Yesterday, Aug. 24, Eurodam made it’s maiden call at St. John’s, Newfoundland, Canada, and the folks there held a Freedom of the Seaport Ceremony to mark the occasion. The Freedom of the Seaport Ceremony originated more than 500 years ago when St. John’s welcomed sailors, pirates and fishing admirals to its seaport. During the ceremony, Mayor Dennis O’Keefe conferred the Freedom of the Seaport upon Captain Jeroen van Donselaar, which is symbolic of the justice and control the city bestowed upon the first fishing admiral to enter the narrows for the fishing season in earlier times.
The official Freedom of the Seaport proclamation.
Captain van Donselaar receives St. John’s port plaque from the ceremony emcee.
The Hon. Clyde Jackman, Newfoundland’s minister of tourism, culture and heritage, presents Captain van Donselaar a gift.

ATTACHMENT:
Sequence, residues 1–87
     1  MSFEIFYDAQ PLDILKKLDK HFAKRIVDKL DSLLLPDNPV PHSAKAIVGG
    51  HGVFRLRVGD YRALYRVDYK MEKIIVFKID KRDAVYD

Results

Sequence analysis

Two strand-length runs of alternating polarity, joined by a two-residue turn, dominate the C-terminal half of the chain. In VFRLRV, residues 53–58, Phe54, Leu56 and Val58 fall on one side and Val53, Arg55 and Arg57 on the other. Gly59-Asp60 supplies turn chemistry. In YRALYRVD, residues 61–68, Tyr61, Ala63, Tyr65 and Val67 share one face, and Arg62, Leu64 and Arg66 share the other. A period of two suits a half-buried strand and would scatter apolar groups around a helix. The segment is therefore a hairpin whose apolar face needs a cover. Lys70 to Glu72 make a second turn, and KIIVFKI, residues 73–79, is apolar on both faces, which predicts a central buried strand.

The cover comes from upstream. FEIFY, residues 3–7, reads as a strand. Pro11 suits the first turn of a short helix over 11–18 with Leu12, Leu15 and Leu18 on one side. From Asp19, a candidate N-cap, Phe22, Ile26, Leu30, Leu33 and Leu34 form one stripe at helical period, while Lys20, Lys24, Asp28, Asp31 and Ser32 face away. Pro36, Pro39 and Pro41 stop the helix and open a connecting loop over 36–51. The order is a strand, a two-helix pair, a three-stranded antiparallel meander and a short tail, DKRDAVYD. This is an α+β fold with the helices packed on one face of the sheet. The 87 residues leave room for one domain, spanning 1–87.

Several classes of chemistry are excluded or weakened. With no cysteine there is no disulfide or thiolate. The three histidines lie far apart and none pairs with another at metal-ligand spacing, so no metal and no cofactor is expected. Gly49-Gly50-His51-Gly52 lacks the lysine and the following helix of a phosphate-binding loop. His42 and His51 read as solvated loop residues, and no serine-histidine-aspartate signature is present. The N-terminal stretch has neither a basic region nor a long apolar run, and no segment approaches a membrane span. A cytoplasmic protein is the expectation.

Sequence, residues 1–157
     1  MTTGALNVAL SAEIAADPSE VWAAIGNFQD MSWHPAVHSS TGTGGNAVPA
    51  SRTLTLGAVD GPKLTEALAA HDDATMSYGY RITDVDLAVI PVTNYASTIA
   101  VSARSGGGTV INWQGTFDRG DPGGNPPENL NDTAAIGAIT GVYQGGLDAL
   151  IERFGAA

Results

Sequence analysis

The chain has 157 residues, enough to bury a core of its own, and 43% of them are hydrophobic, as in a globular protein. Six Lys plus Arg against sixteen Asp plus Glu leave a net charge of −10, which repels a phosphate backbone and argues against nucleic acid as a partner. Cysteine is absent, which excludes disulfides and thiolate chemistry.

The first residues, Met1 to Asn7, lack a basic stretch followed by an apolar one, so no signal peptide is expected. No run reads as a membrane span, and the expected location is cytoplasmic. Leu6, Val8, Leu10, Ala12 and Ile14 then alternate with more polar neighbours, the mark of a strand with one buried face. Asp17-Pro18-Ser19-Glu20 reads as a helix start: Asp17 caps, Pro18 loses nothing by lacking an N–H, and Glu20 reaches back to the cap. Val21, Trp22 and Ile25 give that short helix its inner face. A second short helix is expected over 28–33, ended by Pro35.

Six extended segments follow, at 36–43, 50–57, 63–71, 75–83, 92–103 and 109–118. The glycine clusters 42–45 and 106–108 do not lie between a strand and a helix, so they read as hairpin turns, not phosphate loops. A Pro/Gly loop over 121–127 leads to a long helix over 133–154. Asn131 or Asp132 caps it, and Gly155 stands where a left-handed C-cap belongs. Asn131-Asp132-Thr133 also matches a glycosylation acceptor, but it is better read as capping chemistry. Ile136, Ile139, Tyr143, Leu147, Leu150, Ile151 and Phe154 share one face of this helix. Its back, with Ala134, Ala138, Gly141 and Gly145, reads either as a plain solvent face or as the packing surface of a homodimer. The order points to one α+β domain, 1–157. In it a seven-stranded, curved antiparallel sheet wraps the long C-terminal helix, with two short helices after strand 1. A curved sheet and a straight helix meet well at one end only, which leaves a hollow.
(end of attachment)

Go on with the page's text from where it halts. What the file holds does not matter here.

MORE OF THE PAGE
The Church Lads Brigade Avalon Battalion Mass Drum and Bugle Band was formed two years ago with the merger of the St. John’s Companies Drum & Bugle Band, the Foxtrap Company Bugle Band and the Upper Gullies Company Bugle Band. While each band continues to train its members separately, the full band comes together once a month to conduct standardized training in addition to performing at special parades and occasions. The band has more than 30 youth members between the ages of 10 and 20.
The Church Lads Brigade was founded in 1891 in London, England. Through the efforts of a young Newfoundlander, Harold Blacker, a C.L.B. company was started in St. John’s in 1892 — the first C.L.B. overseas unit. Today the C.L.B. in Newfoundland has more than 1,000 members in 22 companies spread across the Avalon Peninsula, with almost half of the entire membership residing in the city of St. John’s.